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Juan Mata Is The Antithesis Of Personal Branding

While Manchester United scour the planet for big-money signings, Juan Mata quietly delivers again and again.

You could be forgiven for forgetting that, at the age of 24, Juan Mata had already achieved the remarkable feat of winning World Cup, European Championship and Champions League titles. The diminutive Spaniard, now 28, manages to avoid the public eye, and the attentions of defenders, with a cerebral approach that wins plaudits without approaching the levels of adulation that his surrounding cast receives.

Mata’s general perception was perhaps best exemplified by his sale to Manchester United in January of 2014. After being named Chelsea’s player of the season for two consecutive years, Mata wasn’t deemed a “fundamental” player by Jose Mourinho and was sold for £37.1 million. 

But time and time again, Mata has proven why he’s an indispensable footballer with qualities that very on the planet possess. Mata’s vision, passing and mobility to get forward and unbalance the gridlock between attack and defense make him an impact performer.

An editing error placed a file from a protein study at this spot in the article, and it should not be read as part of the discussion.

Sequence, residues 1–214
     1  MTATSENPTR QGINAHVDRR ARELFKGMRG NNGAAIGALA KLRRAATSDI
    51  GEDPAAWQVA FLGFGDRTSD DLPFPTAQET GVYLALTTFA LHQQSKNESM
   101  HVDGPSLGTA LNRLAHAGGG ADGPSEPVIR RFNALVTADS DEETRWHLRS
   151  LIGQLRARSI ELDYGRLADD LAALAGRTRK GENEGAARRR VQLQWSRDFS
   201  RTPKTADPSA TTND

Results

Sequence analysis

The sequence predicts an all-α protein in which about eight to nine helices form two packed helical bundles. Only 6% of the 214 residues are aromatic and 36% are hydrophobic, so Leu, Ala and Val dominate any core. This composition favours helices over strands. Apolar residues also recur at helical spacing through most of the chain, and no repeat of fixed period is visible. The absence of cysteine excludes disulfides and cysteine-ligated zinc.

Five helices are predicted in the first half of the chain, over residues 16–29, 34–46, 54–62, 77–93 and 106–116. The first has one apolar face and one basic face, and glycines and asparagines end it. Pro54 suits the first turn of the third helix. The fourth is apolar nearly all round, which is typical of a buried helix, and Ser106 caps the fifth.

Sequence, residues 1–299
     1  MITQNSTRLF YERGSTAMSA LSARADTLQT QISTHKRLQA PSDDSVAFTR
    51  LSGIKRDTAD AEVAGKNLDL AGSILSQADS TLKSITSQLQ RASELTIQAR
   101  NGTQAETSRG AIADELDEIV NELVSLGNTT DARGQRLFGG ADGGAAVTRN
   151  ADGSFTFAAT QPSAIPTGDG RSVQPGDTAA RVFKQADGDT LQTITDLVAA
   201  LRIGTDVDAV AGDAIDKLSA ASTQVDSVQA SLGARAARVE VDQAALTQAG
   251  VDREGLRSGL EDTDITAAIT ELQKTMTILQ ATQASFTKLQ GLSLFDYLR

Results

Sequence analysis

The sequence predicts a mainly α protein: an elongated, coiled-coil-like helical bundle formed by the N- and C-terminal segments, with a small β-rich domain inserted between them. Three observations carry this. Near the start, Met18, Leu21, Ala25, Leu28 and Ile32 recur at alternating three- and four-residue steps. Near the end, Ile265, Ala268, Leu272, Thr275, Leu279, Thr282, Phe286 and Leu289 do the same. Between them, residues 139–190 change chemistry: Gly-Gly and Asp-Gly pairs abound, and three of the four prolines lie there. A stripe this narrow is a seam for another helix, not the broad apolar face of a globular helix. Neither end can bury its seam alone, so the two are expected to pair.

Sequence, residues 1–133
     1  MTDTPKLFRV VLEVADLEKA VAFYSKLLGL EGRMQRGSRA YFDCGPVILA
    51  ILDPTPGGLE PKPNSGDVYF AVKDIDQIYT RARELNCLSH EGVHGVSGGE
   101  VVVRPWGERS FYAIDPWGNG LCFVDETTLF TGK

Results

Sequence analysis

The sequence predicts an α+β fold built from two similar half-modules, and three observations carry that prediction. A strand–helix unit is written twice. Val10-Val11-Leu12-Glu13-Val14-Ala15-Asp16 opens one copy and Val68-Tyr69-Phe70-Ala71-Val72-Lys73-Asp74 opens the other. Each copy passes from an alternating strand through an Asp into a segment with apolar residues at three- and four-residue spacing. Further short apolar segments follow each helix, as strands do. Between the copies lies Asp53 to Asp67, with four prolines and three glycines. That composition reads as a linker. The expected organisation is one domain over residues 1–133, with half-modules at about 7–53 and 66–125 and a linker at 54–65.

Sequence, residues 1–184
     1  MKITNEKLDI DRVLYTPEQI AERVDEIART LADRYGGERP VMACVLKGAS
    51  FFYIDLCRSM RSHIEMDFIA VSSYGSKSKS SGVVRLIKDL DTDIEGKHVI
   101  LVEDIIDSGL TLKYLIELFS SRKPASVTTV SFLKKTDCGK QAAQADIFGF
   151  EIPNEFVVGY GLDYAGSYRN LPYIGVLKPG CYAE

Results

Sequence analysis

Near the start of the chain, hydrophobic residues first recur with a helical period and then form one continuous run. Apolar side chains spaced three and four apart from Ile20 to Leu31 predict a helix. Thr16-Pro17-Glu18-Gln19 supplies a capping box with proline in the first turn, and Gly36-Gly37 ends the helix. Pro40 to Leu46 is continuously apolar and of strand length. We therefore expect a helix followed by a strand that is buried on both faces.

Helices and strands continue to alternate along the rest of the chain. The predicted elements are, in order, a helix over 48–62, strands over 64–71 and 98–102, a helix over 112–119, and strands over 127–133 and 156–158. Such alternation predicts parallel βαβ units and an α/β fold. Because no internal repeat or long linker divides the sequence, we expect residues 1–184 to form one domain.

In Mata’s 15 Premier League appearances this campaign, he’s never played a full 90 minutes. In the matches he’s come closest, United have been at their best — their 4-1 demolition of Leicester City and their 1-1 draw with Arsenal when Olivier Giroud scored an equalizer at the death.

On Tuesday, Mata put in a superb display to put United on the brink of the EFL Cup final. He scored the opening goal in the Red Devil’s 2-0 victory over Hull City and tormented Hull with his passing and movement throughout.

Mata isn’t able to grab games by the scruff of the neck like his teammate Paul Pogba, nor will he burst by markers with virtuoso dribbling like his former teammate Eden Hazard.

What Mata offers, like the man himself, is more subtle. If Mata can make an impact in Manchester United’s next match — the all-engulfing showstopper that is United versus Liverpool — another historic accolade will be added to his unsung profile.